Guam now has a new governor, Lourdes A. Leon Guerrero and lieutenant governor, Joshua F. Tenorio, after a blissful ceremony Monday at the University of Guam Fieldhouse as island Democrats, locked out of Adelup for a long 16 years, celebrated.
Both were sworn in to office by Guam Supreme Court Chief Justice Katherine A. Maraman.
Leon Guerrero is the first Democrat to hold the top seat in Adelup since Carl Gutierrez ended his two-year term in 2003.
While many on hand wanted to focus on the historical fact that Leon Guerrero will be the first woman to serve in the post, she had a stern message about the immediate need to deal with the shaky finances of the government of Guam, particularly in collecting long overdue taxes regardless of the gender of the governor.
“The era of exploding operational debt, massive budget shortfalls, higher taxes, closed doors, and decreased performance is over. Now is the time for change. We must make the die hard choices. We cannot forget our teachers, our nurses, our law enforcement officers and our people. The era for taking responsibility for our actions is here. Now is a time for change.”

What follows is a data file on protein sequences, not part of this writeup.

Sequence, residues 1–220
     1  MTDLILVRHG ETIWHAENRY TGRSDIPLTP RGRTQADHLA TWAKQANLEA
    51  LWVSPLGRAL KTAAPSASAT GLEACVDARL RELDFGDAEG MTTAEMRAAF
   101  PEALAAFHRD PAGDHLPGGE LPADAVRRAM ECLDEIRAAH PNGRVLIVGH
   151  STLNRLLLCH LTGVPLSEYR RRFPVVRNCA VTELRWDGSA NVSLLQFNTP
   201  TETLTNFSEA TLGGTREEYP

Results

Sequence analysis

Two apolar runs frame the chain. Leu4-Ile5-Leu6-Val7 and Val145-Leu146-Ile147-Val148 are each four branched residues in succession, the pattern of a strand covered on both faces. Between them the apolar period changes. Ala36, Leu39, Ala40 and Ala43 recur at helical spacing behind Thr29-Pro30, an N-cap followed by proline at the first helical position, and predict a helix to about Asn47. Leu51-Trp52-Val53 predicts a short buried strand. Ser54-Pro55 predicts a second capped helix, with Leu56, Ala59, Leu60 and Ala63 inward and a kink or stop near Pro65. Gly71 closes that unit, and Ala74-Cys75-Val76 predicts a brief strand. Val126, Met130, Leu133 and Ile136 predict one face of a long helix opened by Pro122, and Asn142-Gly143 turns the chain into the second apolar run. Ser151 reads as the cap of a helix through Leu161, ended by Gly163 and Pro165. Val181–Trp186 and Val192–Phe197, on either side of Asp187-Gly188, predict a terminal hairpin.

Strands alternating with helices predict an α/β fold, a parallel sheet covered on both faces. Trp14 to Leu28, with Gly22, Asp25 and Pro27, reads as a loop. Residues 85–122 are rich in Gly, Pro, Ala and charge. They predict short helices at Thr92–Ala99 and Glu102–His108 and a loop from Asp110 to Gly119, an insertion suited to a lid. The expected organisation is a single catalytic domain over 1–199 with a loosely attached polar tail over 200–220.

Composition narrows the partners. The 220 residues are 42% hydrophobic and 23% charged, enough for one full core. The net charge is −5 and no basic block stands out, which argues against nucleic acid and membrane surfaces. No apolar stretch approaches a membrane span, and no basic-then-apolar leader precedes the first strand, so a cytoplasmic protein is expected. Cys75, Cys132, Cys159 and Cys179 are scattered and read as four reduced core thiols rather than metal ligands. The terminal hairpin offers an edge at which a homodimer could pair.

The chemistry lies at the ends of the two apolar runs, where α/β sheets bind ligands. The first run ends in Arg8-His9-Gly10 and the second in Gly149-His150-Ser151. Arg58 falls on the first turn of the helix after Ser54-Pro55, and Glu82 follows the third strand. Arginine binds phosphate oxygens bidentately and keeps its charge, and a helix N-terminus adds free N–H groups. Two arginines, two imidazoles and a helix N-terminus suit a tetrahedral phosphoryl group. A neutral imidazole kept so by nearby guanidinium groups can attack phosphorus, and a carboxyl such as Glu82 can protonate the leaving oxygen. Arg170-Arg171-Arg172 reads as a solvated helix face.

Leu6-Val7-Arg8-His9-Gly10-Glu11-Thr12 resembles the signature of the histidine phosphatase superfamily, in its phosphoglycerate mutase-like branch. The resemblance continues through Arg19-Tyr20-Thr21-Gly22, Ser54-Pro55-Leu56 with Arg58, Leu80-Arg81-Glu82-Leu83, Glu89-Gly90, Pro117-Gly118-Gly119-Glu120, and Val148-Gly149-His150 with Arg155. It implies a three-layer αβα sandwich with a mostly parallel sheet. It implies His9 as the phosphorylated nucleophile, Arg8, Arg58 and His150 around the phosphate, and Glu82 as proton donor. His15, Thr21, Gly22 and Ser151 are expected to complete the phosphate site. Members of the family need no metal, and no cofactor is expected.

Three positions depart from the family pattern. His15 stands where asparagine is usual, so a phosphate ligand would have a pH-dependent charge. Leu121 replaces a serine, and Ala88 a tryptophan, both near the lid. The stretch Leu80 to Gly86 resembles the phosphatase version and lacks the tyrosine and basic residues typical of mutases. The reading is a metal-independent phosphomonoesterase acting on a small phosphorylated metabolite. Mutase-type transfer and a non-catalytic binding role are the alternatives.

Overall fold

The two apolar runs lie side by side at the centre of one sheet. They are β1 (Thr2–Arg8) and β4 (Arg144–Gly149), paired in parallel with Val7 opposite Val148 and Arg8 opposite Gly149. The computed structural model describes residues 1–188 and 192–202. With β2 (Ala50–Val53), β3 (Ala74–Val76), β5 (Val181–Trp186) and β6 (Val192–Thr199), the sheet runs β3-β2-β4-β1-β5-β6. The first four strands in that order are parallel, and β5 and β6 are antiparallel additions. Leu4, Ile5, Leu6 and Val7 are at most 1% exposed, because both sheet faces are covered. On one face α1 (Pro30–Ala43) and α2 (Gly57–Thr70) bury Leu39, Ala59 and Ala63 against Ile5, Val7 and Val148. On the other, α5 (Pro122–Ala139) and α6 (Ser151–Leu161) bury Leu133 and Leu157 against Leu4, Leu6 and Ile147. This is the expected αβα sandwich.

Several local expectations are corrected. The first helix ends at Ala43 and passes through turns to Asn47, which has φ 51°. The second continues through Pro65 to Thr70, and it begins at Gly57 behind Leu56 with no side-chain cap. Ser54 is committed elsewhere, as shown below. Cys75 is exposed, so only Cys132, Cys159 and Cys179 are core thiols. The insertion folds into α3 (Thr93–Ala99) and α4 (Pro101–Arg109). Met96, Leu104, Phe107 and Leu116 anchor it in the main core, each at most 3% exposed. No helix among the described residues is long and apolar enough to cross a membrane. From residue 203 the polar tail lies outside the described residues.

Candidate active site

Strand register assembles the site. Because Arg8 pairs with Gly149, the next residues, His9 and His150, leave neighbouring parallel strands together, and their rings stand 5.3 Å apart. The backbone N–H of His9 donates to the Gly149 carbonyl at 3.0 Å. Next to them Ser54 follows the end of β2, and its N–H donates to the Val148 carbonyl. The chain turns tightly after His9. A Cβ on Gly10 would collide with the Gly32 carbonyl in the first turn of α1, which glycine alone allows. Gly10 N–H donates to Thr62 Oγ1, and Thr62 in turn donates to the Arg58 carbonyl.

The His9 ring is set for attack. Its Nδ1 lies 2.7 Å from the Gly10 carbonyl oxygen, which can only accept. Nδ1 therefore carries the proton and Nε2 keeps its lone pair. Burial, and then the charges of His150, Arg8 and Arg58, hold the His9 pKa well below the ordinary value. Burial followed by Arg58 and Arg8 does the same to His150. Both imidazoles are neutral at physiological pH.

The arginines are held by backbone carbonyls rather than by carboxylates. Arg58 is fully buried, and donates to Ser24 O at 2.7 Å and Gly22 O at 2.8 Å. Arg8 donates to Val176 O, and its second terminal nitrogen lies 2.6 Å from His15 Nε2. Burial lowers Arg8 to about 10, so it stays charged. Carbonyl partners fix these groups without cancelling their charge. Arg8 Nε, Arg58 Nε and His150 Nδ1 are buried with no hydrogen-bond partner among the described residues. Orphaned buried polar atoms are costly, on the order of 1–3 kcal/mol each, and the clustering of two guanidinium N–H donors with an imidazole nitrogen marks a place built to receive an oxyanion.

Leon Guerrero is approaching this in a number of ways, but she pledged to ramp up pressure on the Department of Revenue and Taxation to do its job, pronto.
“To collect the taxes we are owed, plug the leaks, and lay old problems to rest; I've directed that the Department of Revenue and Taxation report to me daily until the Tax Recovery Unit is operational and all outstanding audit findings from the Office of Public Accountability are resolved.”
Leon Guerrero also suggested deep-rooted corruption is interfering with government operations and cheating every day taxpayers.
“For the first time in decades, we will seat the Guam Ethics Commission. It will hold those of us who work for you to the high ethical standards you expect from your elected officials. The Commission will serve as a venue for honest complaints, fair hearings, and resolution. But change requires more than a laundry list of things to do. It demands that we face old truths; that we take strong steps; and that we admit we have not done so.
"For too long, we have drifted – every year wandering a bit more off course – struggling to find our way back to prosperity. To ‘Restore Faith in our Future’ we must invest in our people, in their jobs, and in the prosperity of their futures. We must give them hope that, with hard work, with education and training, their lives will be better.
We must also cut our crushing debt and recognize that we live in a world which competes for every opportunity, and fights for every bit of growth. We need to make our tiny corner of the western Pacific a place that people want to do business with, to visit, to invest in.Government can do many things. But government cannot do everything.”